Will and Guy's Favourite Bird: The Atlantic Puffin
Sailors call him the "clown of the sea", the Atlantic puffin is easily
recognisable by it's clown-like eye markings. Some say it's
beak is the reason for it's alternative nickname: "parrot of the sea."
Atlantic puffins spend much of their lives at sea.
They are amphibious being able to fly through the air other birds, but
they can use those stubby wings as paddles and steer using their webbed
feet rather like a boat's rudder.
The purpose of these underwater forays is to find small fish. They
submarine for about 30 seconds. If necessary to catch fish,
puffins can dive to depths of over 150 feet.
As the fly around the oceans so puffins have a choice of nesting sites.
Wisely, they nest on rocky cliffs, where the
laying birds and their eggs are safer from predators. The birds nest in burrows
in the ground or in a sheltered area among rocks.
Once a puffin hatches, it takes about 48 days to master the art of flying
and to become independent from it's parents.
Atlantic puffins often live for 20 years, and the oldest known puffin was 29 years old.
A puffin can sometimes have a dozen or more fish in its beak at once
by holding them in an alternating end to end pattern. Will and Guy have been told that the largest recorded number of fish
in a puffin's beak at one time was 62.
North Atlantic Puffins beat their wings up to 300 times per minute
to stay aloft.
Puffins are insulated from the cold by an oily coating on their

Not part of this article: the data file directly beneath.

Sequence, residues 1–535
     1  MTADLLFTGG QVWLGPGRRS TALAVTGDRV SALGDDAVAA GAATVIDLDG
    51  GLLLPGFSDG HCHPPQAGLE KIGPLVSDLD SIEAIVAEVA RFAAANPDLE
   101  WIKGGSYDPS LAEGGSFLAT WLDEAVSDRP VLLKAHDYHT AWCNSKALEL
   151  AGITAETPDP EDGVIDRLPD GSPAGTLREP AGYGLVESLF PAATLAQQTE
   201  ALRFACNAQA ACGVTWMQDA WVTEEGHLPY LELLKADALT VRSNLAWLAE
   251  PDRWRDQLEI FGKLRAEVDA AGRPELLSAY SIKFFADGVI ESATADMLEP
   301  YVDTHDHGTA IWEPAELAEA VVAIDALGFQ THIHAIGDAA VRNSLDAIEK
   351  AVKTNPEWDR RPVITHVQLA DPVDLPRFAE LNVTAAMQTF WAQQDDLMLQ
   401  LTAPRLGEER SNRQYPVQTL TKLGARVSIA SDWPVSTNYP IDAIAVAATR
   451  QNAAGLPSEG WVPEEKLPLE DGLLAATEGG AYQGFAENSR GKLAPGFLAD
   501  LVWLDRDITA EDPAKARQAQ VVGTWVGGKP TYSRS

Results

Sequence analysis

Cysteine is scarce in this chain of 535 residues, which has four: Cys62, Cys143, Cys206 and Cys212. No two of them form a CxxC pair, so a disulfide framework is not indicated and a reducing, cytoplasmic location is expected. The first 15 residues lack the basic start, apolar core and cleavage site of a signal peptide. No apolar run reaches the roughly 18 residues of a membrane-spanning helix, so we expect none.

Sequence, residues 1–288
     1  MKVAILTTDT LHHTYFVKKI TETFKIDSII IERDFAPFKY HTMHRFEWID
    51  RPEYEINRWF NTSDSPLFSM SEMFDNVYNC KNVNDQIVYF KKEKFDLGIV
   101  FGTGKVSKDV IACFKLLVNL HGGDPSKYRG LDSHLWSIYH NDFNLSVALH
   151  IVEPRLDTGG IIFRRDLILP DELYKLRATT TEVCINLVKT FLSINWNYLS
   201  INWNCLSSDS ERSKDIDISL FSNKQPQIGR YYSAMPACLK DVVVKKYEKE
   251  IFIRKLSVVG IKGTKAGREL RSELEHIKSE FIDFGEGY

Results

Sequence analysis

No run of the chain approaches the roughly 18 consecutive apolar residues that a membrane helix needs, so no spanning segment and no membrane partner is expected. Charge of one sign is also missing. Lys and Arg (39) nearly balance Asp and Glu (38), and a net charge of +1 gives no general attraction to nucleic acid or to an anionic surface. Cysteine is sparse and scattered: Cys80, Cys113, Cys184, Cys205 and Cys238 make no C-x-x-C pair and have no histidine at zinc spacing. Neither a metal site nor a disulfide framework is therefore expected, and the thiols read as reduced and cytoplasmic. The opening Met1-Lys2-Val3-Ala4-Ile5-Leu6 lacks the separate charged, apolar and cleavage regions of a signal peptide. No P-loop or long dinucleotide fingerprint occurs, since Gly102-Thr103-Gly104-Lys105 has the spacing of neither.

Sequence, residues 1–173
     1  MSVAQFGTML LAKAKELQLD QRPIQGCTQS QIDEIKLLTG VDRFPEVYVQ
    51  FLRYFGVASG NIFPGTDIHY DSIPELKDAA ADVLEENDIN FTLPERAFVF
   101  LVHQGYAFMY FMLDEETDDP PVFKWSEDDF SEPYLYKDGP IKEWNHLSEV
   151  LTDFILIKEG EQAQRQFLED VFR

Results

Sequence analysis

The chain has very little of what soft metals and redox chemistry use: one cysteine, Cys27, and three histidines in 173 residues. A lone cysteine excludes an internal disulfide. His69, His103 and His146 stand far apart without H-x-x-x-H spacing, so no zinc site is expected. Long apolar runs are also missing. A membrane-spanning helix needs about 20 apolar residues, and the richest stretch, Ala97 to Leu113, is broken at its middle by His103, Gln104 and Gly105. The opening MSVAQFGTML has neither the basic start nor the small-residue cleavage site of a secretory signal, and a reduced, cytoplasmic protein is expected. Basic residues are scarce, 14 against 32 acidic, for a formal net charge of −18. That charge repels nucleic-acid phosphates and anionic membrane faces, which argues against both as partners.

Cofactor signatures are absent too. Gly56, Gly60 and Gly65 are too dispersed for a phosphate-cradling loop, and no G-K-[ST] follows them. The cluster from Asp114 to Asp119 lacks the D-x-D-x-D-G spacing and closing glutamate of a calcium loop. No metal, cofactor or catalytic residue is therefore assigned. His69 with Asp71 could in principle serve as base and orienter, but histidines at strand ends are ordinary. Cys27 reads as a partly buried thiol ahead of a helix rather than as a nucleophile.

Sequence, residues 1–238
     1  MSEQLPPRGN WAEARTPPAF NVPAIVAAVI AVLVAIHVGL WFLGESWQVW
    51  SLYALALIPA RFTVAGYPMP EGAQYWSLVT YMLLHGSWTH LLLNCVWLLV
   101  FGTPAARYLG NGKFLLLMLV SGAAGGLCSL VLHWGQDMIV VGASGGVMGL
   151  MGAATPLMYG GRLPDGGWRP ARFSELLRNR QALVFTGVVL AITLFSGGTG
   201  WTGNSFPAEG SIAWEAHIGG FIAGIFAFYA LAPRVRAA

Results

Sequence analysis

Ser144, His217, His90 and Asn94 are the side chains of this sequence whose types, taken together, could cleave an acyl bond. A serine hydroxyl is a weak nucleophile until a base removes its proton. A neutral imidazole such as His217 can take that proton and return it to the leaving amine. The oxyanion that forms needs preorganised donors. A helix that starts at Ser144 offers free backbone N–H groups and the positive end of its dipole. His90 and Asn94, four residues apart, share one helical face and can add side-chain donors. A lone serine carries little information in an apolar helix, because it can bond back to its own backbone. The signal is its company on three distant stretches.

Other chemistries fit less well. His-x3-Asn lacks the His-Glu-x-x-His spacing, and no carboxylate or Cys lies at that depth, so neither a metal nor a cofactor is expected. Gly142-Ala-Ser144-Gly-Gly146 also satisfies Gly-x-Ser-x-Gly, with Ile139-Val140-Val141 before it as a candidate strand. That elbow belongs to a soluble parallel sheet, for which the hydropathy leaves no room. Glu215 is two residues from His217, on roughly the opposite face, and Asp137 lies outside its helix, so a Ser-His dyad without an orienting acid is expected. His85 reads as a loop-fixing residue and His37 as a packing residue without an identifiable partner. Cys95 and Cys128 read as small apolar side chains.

feathers. Without this coating, they would never survive the harsh
The Latin name for this species is: Fratercula arctica,
The collective name for this bird is a colony of puffins.
As the name suggests, these puffins live around the North Atlantic Ocean:
I have seen them in Iceland, Scandanavia and around the coasts of Great Brittain. Their habitat extends accross to the other side of the Atlantic, you can see
them down the USA seaboard through Maine as far as North Carolina.
Puffins also thrive in Eastern Canada, indeed this "clown of the sea" is
the official bird of the province of Newfoundland and Labrador.
Puffin Stamps from Lundy
1929 Lundy Puffin stamps - ½ penny puffin red and 1 penny puffin blue.
Our friend the Atlantic puffin has two relatives, the large tufted puffin
and the horned puffin (a real "parrot of the sea.").
We think one of the funnier aspects of puffins is the noises they make.
They are usually silent birds but a groaning, creaking moan with a low,
subtly changing pitch can occasionally be heard at nesting or breeding